As I’m working through my list of “rocks to drop” (Steps Six and Seven) I find  that I need to remind myself that I am dropping these rocks for me. Not for him or her or them. But for me—for my recovery, my peace of mind and my sanity.

I also have to remind myself that I drop these rocks because I’m the one with the 12-step program and I’m the one who needs to make changes and who wants to be changed. It doesn’t matter if he or she is right or wrong or better or worse; it doesn’t matter if it’s fair or unfair. These are my rocks, and I drop them—or try to --one day at a time—for me.

Friday, August 05, 2011

Step Seven is a Retirement Party

In the Seventh Step prayer we humbly ask God to remove the defects of character that “stand in the way of my usefulness to you (God) and my fellows.” That is a world of difference from asking God to remove the defects that I don’t like or the defects that effect how others think of me. Here is a place that humility kicks in—I don’t necessarily get to choose the defects, God does. I can’t use the Seventh Step in a codependent or self-serving way, “Now I’ll get so good that everyone will like me.”

But here’s another bit of Step Seven wisdom I got from a very early sponsor with help from a very early therapist: We do not kill our character defects! My first therapist in recovery (I distinguish from the previous ones that I never told the truth to) pointed out to me that my “character defects” were all things that saved my life growing up. Being a “high screener”—super vigilant --is a life saving skill in an alcoholic home. Also being super organized (controlling) keeps a kid sane and able to function. Being hyperaware of other people’s feelings and anticipating them also makes a chaotic world safer and more manageable. Telling lies, stuffing feelings, being seductive or bossy or too complaint were all part of survival.

And so my defects were once assets.

Until they weren’t.

So my early sponsor pointed out that it didn’t make sense to hate these parts of me because they were in fact part of me and that I didn’t want—in recovery—to hate myself.

Instead we could retire our character defects.

I love the idea of retirement. If we think of character defects as workers whose skills no longer fit the company’s goals then retirement is honorable and appropriate. And just as in a business we can say, “hey we are doing new things now and doing things a new way” but we can honor the “retirees” for all they gave to our enterprise. Rather than shove the character defects out the door or pray that God snatches them up and destroys them we could have a retirement party.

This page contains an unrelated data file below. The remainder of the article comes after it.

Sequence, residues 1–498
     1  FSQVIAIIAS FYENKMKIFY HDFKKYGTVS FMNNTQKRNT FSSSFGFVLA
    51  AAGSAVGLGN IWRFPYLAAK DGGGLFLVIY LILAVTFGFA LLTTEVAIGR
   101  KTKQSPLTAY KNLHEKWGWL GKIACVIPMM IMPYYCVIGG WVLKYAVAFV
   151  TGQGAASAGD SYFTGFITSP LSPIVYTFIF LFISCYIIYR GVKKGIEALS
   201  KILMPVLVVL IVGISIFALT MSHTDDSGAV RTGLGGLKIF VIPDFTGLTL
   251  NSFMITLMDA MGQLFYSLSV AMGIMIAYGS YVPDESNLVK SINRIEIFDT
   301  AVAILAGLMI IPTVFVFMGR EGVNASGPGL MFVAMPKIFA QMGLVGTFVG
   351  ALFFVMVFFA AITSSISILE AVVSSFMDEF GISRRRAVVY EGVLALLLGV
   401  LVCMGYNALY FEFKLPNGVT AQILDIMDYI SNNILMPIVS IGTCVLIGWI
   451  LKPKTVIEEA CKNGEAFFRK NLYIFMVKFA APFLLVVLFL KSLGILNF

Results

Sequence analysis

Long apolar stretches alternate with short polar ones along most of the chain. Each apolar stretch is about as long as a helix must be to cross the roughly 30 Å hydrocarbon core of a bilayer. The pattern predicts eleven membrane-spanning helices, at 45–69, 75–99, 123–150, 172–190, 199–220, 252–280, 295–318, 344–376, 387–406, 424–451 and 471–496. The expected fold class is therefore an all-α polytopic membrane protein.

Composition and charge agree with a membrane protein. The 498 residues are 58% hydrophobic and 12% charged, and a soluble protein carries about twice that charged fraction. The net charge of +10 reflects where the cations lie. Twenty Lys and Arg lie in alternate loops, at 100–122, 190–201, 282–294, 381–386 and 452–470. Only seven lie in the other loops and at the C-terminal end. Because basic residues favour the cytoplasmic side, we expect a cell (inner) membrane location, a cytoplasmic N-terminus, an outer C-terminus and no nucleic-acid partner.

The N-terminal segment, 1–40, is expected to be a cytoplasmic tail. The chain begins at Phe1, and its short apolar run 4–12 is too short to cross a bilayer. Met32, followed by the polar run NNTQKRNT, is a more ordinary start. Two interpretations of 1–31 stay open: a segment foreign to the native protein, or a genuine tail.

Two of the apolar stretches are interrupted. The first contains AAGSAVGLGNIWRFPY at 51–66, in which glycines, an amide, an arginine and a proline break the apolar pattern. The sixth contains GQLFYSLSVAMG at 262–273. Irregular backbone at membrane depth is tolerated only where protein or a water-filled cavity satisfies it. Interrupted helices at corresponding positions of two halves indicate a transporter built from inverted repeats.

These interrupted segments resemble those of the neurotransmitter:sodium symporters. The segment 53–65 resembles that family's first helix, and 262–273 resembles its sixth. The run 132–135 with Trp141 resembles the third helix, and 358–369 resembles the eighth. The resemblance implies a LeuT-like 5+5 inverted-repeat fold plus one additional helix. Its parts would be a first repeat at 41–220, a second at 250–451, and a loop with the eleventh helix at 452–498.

Imagine that. We could list the defects and thank them for their contributions, listing the ways they served us, thanking them for their help in our early lives. Laughter and stories just like a real retirement party. And then we walk them to the door and take their keys and parking pass. But we don’t kill retirees.

But here’s the thing: just like at our workplace, sometimes retirees come back to visit—often at inopportune times—and that can be annoying, frustrating, maybe funny, but we don’t kill them. We may say, “I remember you” and then ever so gently, “You don’t work here anymore.” And we walk them to the door again. But we don’t kill them.

Wednesday, August 03, 2011

Evening Gatha

In Zen Buddhism a gatha is a song or hymn that is chanted as part of one’s practice. This evening gatha was a gift from a friend. It hangs in my bathroom.

Evening Gatha:

Let me respectfully remind you~
Life and death are of supreme importance~
Time swiftly passes by, and opportunity is lost~
Each of us should strive to awaken…..
Take Heed. Do not squander your life.

Monday, August 01, 2011

Waking Up

I love early morning AA meetings. For the first 15 years of my sobriety my home group in Baltimore was a 7am meeting that met every day and I got there most days. I don’t have a meeting like that now in upstate New York, but on vacation on Cape Cod I go to a 6:30 am meeting and I love it because I’m awake before my ego is. I can hear the messages. What I heard this morning was this line from the Big Book, “Upon awakening we ask God to direct our thoughts.” There it is again. Thinking.